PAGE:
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Symphony 1 / Phantasmata

8 customer reviews

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Audio CD, May 11, 2004
$10.70 $5.52

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Product Details

  • Audio CD (May 11, 2004)
  • Number of Discs: 1
  • Label: First Edition
  • ASIN: B00020HBV4
  • Average Customer Review: 4.1 out of 5 stars  See all reviews (8 customer reviews)
  • Amazon Best Sellers Rank: #1,192,473 in Music (See Top 100 in Music)

Customer Reviews

Most Helpful Customer Reviews

15 of 15 people found the following review helpful By Dr. Fartmeister on January 27, 2002
Format: Audio CD
There seems to be a stigma surrounding new music that prevents many audiences from ever experiencing the sheer passion and beauty that is often created by today's many gifted composers. Fortunately, Christopher Rouse's music is heard relatively often, which is a blessing for both the composer and the listener.
The "Symphony #1" is one of Rouse's most tonal pieces. It was composed shortly after the extremely dissonant, atonal, and fast-paced "Gorgon"--Rouse describes the two as a "yin and yang to each other". Therefore, the aim of this piece is an adagio and tonal (though still dissonant, but do you expect otherwise from Rouse?) piece. The tonality is often blurred, but certain recurring melodic and rhythmic motives enrapture the listener. Rouse infuses too much passion and emotion into the score to solicit any loss of interest. In short, it's difficult to get bored during the 24 minutes that make up this piece.
"Phantasmata", on the other hand, is less emotionally taxing and more fun. It is a much more dissonant piece, which may turn off some listeners, but if you don't mind that sort of thing, this piece shouldn't be missed either.
I can't really comment on the performance, since there are no other recordings I know of that I can compare it with, but the Baltimore Symphony does justice to the demanding score.
It's a keeper.
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9 of 11 people found the following review helpful By A Customer on May 30, 2001
Format: Audio CD
Christopher Rouse has become one of America's most special and amazing composers. This is a wonderful recording of his deeply moving first symphony, a tragic but finally consoling work. David Zinman is one of Rouse's biggest champions, so I am certain that this recording represents the music as the composer wished it to sound. This is not difficult music to listen to in terms of style, though its dark message may make it hard for some to grapple with. Phantasmata is a more dissonant piece, but somehow it all turns out to be fun. This is extraordinary music.
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4 of 5 people found the following review helpful By Jerry of San Francisco on December 20, 2008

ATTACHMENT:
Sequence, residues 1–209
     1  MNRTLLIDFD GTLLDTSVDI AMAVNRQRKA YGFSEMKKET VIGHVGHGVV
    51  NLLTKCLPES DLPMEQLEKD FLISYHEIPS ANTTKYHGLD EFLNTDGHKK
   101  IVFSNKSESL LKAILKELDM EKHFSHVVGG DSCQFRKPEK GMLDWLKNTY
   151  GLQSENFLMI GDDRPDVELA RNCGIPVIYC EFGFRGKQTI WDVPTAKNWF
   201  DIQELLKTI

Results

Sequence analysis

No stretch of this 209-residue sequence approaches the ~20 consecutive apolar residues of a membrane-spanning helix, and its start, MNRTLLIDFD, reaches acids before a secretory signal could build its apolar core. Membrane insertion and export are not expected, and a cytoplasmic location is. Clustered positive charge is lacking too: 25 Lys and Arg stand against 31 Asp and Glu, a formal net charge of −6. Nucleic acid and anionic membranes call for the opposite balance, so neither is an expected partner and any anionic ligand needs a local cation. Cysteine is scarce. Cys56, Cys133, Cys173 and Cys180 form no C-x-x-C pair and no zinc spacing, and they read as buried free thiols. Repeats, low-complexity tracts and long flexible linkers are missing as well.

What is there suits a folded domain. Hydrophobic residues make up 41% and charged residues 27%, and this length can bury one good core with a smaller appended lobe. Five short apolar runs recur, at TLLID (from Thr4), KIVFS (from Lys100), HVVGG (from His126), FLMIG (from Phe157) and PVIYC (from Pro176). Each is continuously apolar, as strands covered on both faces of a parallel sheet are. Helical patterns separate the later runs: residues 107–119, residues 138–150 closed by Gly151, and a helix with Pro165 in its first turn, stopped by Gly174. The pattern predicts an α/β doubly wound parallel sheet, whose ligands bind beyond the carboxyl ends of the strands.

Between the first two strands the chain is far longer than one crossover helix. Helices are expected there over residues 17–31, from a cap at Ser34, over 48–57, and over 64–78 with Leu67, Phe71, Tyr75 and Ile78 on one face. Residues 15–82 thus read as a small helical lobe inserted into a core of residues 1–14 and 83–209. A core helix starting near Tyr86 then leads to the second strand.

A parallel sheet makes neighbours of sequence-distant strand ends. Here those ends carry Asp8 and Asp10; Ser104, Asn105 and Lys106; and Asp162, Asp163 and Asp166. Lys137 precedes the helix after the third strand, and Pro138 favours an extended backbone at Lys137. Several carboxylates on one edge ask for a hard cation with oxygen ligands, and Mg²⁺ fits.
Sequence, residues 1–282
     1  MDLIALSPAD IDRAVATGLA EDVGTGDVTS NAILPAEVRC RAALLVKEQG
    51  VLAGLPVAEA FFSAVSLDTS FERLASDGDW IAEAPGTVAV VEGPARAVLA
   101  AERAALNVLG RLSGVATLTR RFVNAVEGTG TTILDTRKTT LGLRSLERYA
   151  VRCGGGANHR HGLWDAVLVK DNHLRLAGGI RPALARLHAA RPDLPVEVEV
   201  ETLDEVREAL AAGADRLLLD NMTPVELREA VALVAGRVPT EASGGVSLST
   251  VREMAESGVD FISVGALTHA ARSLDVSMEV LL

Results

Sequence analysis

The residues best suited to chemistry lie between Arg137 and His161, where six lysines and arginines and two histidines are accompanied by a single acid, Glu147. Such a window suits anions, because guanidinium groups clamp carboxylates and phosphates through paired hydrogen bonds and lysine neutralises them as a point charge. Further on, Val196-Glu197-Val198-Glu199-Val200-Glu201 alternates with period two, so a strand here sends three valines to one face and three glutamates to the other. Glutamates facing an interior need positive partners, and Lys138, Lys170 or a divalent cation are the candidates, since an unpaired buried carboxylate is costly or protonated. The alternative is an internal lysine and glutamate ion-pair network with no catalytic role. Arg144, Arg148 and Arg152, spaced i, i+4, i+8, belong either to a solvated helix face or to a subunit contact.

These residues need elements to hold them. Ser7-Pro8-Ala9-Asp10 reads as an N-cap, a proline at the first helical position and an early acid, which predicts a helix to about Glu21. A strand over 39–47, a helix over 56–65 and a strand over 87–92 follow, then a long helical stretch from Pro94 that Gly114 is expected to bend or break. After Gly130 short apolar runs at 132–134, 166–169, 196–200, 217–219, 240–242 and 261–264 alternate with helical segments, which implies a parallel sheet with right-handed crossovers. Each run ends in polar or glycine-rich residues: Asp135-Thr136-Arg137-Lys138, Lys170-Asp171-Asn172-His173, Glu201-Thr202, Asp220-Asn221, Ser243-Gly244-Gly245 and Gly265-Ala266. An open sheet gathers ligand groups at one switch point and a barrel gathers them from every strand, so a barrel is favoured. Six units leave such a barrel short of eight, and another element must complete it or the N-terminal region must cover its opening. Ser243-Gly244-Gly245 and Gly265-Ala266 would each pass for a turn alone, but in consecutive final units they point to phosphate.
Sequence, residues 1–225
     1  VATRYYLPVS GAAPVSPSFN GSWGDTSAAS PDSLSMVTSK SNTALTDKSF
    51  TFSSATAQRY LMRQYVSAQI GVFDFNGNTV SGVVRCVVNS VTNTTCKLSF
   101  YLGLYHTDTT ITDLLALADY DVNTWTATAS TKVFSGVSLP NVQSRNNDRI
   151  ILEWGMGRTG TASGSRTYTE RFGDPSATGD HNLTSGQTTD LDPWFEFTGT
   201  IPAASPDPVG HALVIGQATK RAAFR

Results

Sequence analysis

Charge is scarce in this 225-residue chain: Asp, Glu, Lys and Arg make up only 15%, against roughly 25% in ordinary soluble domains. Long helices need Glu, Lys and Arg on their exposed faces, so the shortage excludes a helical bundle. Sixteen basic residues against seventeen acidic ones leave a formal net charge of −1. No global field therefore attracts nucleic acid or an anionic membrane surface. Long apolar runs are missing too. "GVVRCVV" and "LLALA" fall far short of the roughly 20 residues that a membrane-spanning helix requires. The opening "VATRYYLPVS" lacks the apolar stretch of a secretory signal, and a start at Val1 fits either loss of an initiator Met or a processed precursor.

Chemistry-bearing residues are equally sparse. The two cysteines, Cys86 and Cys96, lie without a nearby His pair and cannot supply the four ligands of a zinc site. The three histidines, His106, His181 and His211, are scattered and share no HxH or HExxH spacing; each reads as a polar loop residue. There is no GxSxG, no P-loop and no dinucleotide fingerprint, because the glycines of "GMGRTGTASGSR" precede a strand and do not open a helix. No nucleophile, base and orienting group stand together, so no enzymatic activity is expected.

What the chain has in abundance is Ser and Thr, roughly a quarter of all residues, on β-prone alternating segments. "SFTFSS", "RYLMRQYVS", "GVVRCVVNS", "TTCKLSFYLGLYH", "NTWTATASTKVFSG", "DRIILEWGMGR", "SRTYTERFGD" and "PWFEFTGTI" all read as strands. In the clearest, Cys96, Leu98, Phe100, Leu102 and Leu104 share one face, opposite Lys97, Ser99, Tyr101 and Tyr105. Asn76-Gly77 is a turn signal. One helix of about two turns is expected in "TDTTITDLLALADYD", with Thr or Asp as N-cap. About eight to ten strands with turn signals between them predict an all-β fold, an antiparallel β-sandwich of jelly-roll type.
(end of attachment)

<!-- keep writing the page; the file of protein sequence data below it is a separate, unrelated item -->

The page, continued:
Format: Audio CD Verified Purchase
This is powerful music. Though it is modern music, I think it will find a large audience of classical music and beyond. The theme is very sad throughout and reminds me of Wagner, Shostokovitch and Mahler. There are a couple of times when the music is quiet and suddently startles with it's intensity. The recording is good.
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Format: MP3 Music
Christopher Rouse is a modern, living American composer with a very impressive Curriculum Vita and about 50 compositions to his credit. Born in Baltimore, MD, his music education includes a bachelor degree from Oberlin and graduate degrees from Cornell where he studied with Karel Husa. He also studied privately with George Crumb. He has held faculty positions at U. of Michigan, Eastman, and since 1997 at Juilliard. His most prominent composition student is Michael Torke. Stylistically, Rouse is considered a neoromantic composer. With regard to the present album, David Zinman leads the Baltimore Symphony Orchestra in Rubbra's Symphony No. 1 and Phantasmata.

Symphony 1 begins eerily with high violins that are subsequently joined by a tutti explosion. The 1st and only movement is largely comprised of this rather dark and frequently ominous music which at times increases in interest, texture, and dynamic volume. Still, it reminds you of the score to a fright film. To be fair, however, the music is of MUCH higher quality than most of those films. There is plenty of percussion bombast to work out your audio systems and prized subwoofers. At times, the music becomes conventionally and beautifully tonal. Rouse is a bit of a chameleon. I like that, but I sometimes wondered if we were stretching the definition of music as we know it. I have maintained for years that modern music, if nothing else, cleans the cobwebs out of our brains and prevents us from becoming stale in our listening habits. Symphony 1 does that job and does it well. It IS music, after all. It just isn't music we are accustomed to hearing. For me, it is worth repeated listening sessions.
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